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Dominion Sued over ‘Severe Anomalies’ in 2020 Voting Machines

'This problem falls not only on Dominion, but also on the Commonwealth’s Department of State for not enforcing their own certification guidelines... '

(Joshua Paladino, Headline USA) The Fulton County Board of Elections in Pennsylvania sued Dominion Voting Systems for “breach of contract” after finding “severe anomalies” in its voting machines during the 2020 general election.

Two Fulton County commissioners joined in the lawsuit. The plaintiffs asked the 39th Pennsylvania Court of Common Pleas to force Dominion to pay “all fees, expenditures and costs” resulting from its faulty election equipment.

Following the election, the plaintiffs found that Dominion Voting Systems could not “reconcile voter data with votes actually cast and counted,” and they suspected security breaches.

Independent forensic audits confirmed Fulton County’s concerns.

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Fulton County asked Wake Technology Services, an IT company based in West Chester, Pennsylvania, to investigate Dominion’s election machines.

In its report, WTS revealed errors with the system’s ballot scanning, unauthorized applications on the system and illegal changes to the system only three weeks before the election.

The tech investigators also showed that Dominion failed to meet the Commonwealth Certification standards or obtain required inspections.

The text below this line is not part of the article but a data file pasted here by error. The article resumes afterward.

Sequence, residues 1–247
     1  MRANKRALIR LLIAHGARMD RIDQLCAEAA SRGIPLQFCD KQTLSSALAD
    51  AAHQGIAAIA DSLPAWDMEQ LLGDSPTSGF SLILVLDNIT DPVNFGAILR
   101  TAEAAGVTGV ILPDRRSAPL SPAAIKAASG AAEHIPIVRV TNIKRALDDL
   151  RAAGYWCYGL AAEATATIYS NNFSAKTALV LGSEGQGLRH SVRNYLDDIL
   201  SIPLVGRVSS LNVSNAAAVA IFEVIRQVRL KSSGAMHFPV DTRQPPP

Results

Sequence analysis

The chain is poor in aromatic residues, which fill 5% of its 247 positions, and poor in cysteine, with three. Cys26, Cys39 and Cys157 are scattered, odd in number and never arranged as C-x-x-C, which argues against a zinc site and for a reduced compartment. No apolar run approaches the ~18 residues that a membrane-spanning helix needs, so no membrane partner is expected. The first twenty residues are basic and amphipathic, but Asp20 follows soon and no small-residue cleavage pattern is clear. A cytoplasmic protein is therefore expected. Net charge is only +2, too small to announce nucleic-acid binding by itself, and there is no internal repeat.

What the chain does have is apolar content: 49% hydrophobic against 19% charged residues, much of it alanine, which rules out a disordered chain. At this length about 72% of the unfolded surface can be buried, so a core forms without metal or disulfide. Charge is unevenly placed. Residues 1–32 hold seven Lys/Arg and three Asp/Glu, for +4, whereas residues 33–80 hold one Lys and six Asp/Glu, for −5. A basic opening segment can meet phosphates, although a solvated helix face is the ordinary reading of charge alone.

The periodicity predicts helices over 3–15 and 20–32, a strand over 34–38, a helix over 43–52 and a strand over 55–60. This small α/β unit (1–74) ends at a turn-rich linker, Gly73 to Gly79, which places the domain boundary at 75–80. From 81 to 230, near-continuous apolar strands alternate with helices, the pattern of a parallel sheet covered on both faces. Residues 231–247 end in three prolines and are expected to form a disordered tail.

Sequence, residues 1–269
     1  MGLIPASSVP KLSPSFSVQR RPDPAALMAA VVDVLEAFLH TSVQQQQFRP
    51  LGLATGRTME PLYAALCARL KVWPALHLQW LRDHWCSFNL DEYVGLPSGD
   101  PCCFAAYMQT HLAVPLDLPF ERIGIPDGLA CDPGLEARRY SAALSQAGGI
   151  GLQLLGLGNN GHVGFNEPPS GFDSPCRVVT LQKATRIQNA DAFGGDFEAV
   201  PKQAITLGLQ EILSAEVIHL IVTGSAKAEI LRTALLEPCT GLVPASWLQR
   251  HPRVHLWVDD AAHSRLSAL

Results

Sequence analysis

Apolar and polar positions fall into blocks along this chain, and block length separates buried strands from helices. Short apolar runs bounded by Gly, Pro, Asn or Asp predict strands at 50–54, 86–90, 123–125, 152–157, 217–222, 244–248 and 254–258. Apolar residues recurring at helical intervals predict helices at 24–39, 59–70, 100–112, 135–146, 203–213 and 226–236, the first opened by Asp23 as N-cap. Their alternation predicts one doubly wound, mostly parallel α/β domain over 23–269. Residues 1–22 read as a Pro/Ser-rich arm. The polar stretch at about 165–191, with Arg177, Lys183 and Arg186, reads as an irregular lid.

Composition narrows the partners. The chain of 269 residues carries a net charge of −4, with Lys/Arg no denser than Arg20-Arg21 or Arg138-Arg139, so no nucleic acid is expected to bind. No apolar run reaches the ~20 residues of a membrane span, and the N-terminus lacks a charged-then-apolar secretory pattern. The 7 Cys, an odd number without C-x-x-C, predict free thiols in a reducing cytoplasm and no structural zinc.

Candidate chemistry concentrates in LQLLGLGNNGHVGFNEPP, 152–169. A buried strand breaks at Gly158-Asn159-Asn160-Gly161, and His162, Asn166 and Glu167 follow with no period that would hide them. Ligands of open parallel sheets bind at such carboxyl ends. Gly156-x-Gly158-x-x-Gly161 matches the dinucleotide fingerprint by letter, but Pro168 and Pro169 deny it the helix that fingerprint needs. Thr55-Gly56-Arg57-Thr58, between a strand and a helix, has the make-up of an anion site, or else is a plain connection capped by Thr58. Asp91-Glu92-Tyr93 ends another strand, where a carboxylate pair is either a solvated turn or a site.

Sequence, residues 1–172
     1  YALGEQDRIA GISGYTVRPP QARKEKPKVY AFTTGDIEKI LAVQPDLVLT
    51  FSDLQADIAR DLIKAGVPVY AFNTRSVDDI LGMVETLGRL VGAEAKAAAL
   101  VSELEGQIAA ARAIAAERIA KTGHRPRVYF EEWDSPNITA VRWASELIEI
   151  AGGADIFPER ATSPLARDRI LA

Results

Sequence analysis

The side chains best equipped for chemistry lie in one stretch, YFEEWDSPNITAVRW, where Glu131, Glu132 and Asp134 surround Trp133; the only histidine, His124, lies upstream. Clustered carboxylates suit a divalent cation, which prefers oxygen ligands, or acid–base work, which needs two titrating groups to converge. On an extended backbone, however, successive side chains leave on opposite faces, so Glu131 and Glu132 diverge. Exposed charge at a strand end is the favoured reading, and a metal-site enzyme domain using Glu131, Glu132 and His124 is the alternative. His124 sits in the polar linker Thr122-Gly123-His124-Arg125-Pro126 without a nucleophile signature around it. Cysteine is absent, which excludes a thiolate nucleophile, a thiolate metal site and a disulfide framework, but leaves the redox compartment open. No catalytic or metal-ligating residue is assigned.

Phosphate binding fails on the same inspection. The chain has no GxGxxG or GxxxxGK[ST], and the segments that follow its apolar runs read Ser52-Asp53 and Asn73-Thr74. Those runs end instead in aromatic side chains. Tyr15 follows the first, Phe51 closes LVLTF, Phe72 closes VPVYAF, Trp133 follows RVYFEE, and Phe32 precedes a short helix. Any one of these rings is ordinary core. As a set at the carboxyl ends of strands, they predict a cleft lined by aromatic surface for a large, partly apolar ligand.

“This problem falls not only on Dominion, but also on the Commonwealth’s Department of State for not enforcing their own certification guidelines,” the report stated.

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Speckin Forensics Laboratories, a Michigan-based IT company, gathered and examined forensic images from six Fulton County hard drives.

These scans, the investigators allege, reveal “several deficiencies” that prove Dominion’s failure to uphold its “contractual terms and conditions.”

The machines registered “an external IP address,” showing the network devices connected “to an external device on an external network.” The IP address is Canadian.

SFL stated that the unauthorized tool on the voting machines, called a python script, “can exploit and create any number of vulnerabilities including, external access to the system, data export of the tabulations, or introduction of other metrics not part of or allowed by the certification process.”

Dominion Voting Systems failed to update login credentials. SFL found usernames and passwords like “admin” and “guest.”

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